The humans inevitably fare less well in the performance stakes but to be honest, they are merely bit part players beside the wonderful roster of apes. Jason Clarke is solid and earnest as the nominal leader of the more liberal section of the human contingent, Malcolm, and Keri Russell does what she needs to as Ellie, Malcolm’s partner (any love interest is played down to the point of wondering whether they are together or not). Kodi Smit-McPhee completes a somewhat awkward triangle of a family unit as the wistful one who sketches and reads comic books to the apes. Beyond that, the only other human characters of any note are Gary Oldman’s Dreyfus, fulfilling the fire and brimstone leader role and some bloke who has to go with the human away team because he used to work for the power company. You can probably guess who sends the whole operation south with his hatred of apes…
Back at the more interesting camp, the apes are a fully realised family. Caesar has a partner who gives birth to Blue Eyes’ brother and then falls ill and Toby Kebbell’s snarling Koba is determined to make the humans pay for the horrific experiments they conducted on him in captivity. The movie seems far more at home fleshing out the apes motivations than it ever does with the humans and it makes a good job of making what is essentially a battle over resources exceptionally tense, despite occasionally falling back on movie cliches such as the obvious bad apple hiding a gun for use later.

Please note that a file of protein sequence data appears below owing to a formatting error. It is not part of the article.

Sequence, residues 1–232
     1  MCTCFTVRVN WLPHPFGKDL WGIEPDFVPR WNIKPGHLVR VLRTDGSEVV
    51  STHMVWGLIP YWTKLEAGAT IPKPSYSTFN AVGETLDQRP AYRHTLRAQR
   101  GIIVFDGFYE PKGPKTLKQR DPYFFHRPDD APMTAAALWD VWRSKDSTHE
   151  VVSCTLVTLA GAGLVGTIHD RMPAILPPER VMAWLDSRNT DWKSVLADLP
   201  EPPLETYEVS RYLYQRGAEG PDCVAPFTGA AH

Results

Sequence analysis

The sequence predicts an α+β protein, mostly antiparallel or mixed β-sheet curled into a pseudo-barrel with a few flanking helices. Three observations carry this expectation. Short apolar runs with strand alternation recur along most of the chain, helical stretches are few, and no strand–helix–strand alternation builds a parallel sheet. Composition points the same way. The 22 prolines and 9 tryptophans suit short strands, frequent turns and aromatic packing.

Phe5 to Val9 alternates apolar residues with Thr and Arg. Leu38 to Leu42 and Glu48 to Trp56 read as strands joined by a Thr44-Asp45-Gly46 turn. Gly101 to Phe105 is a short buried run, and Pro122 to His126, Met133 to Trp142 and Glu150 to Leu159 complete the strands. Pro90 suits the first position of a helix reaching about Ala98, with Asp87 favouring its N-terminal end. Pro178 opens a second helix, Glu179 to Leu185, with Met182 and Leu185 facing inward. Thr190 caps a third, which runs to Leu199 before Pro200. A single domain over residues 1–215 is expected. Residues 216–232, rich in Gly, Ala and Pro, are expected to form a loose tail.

The Apes series has long since abandoned it’s twisty-turny roots and is now on far more solid sci-fi 'what if' ground and it’s a welcome move. The one thing that surprised me above all about this intelligent, thoughtful movie was just how touching it was. Late on in the film when Caesar is injured, he directs the human team towards a house on a hill, instantly recognisable as James’ Franco’s character’s house from the previous movie. It’s a marvellously touching moment as Caesar’s desperate desire to retreat to where he essentially grew up transcends his race and brings him back to his comfortable human existence.
And around all this, Reeves paces the movie well. There is a lot to pack in here and at 130 minutes, this isn’t a short film but I suspect the only audience who would find it lagging were those who thought they were heading for a pure summer action blockbuster. This isn’t that film, it’s far too considered and far too thoughtful for that. Having said that, when Reeves unleashes the action, it’s breathtaking to behold. Aside form the aforementioned hunt, we also get a full on ape assault on the humans’ fortress, including a superbly realised shot from the point of view of a tank cannon turret, spinning out of control as the vehicle is overrun by apes. It could easily have come across as gimmicky but in Reeves’ hands, you feel completely thrown into the action and the level of chaos and disorientation is portrayed perfectly.
There are moments when the film looks uncomfortable with itself, particularly when its trying to deal with its central human trio but overall Dawn of the Planet of the Apes is a superb addition to the series. Building on well established ideas with a brisk setup and using excellent state-of-the-art effects to establish a wholly believable world, Reeves delivers a thoughtful, emotional, action filled movie that will leave you thanking Hollywood for the fact that he is now attached to a third Apes movie. If it’s anywhere near the quality of this one, I can’t wait.
Check out the trailer here.